CRISPR-editing of a single aminoacid make a whole animal more resistant to cisplatin-based chemotherapy


Cisplatin is one of the chemotherapeutic agents more frequently used by oncologists to treat tumors. Cisplatin-based chemotherapy is very efficient but frequently cancer cells adjust its molecular mechanisms to become resistant to cisplatin.

The IDIBELL research group “Modeling Human diseases in C. elegans”, led by Julián Cerón, have been using a microscopic worm to investigate the molecular rearrangements causing the acquisition of resistance to cisplatin. In collaboration with the group of Alberto Villanueva, from the Catalan Institute of Oncology (ICO)-IDIBELL, who is investigating these mechanisms of resistance in human tumors implanted in mice, and thanks to Francisco Javier García Rodríguez’s doctoral thesis, they have established a method to identify genes and molecular pathways that rule the cellular resistance to cisplatin.

The toxic activity of cisplatin is very similar in all animal cells and therefore it is also similar the response of these cells to be protected from cisplatin. The work of García Rodriguez and collaborators open a gate to regulate the cellular response to cisplatin by modifying the activity of metabolic pathways. In other words, set the base to investigate how diet and common drugs can determine the response of patients to cisplatin-based chemotherapy.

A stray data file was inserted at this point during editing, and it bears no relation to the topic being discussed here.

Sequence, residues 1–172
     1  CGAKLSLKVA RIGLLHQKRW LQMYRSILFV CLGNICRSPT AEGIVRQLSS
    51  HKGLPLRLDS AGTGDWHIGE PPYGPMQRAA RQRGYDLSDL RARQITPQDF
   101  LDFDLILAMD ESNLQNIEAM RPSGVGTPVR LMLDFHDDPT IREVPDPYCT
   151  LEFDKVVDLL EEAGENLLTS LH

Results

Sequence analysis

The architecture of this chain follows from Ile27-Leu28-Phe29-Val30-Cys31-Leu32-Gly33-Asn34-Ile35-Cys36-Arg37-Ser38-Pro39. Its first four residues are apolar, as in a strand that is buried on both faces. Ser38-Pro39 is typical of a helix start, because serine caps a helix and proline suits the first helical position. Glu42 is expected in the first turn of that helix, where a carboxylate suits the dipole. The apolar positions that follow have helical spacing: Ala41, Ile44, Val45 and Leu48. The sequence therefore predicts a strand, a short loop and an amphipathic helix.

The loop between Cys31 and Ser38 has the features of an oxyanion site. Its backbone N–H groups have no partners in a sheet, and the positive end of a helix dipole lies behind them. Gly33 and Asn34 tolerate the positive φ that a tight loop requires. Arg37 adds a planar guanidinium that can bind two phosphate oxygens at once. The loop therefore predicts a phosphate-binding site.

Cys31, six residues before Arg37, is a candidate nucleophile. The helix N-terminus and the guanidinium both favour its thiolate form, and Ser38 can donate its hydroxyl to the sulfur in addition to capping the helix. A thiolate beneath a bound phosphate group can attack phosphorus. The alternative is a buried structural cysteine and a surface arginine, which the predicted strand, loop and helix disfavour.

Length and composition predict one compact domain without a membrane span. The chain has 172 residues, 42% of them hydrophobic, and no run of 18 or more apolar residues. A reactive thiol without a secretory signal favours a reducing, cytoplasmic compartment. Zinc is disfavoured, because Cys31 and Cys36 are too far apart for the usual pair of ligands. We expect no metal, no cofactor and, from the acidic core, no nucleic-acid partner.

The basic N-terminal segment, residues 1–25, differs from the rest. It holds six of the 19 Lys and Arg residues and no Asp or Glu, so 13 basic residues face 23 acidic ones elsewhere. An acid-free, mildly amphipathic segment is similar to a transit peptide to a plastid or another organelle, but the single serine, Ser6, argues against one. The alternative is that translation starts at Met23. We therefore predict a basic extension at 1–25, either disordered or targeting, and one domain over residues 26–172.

One of the most striking results of this study was to determine the strong influence that a single aminoacid has in the animal response to cisplatin. IDIBELL researchers used CRISPR to change the identity of a single nucleotide of the C. elegans genome and as consequence modify the identity of a single aminoacid of the TRXR-1 protein, which is homolog of the human thioredoxin reductase 1 (TRXR1), making the whole animal more resistant to cisplatin. This finding paves the way to the use of C. elegans in the validation of human SNPs (Single-Nucleotide polymorphisms) to evaluate, in a personalized manner, the influence that minimal changes in the genome may have in the patient responses to chemotherapy.

The publication of two articles led by Julián Cerón and Alberto Villanueva this month of June in Disease Models and Mechanisms and Clinical Cancer Research consolidate C. elegans as animal model to study mechanisms of resistance to certain chemotherapeutic agents.

Scroll to Top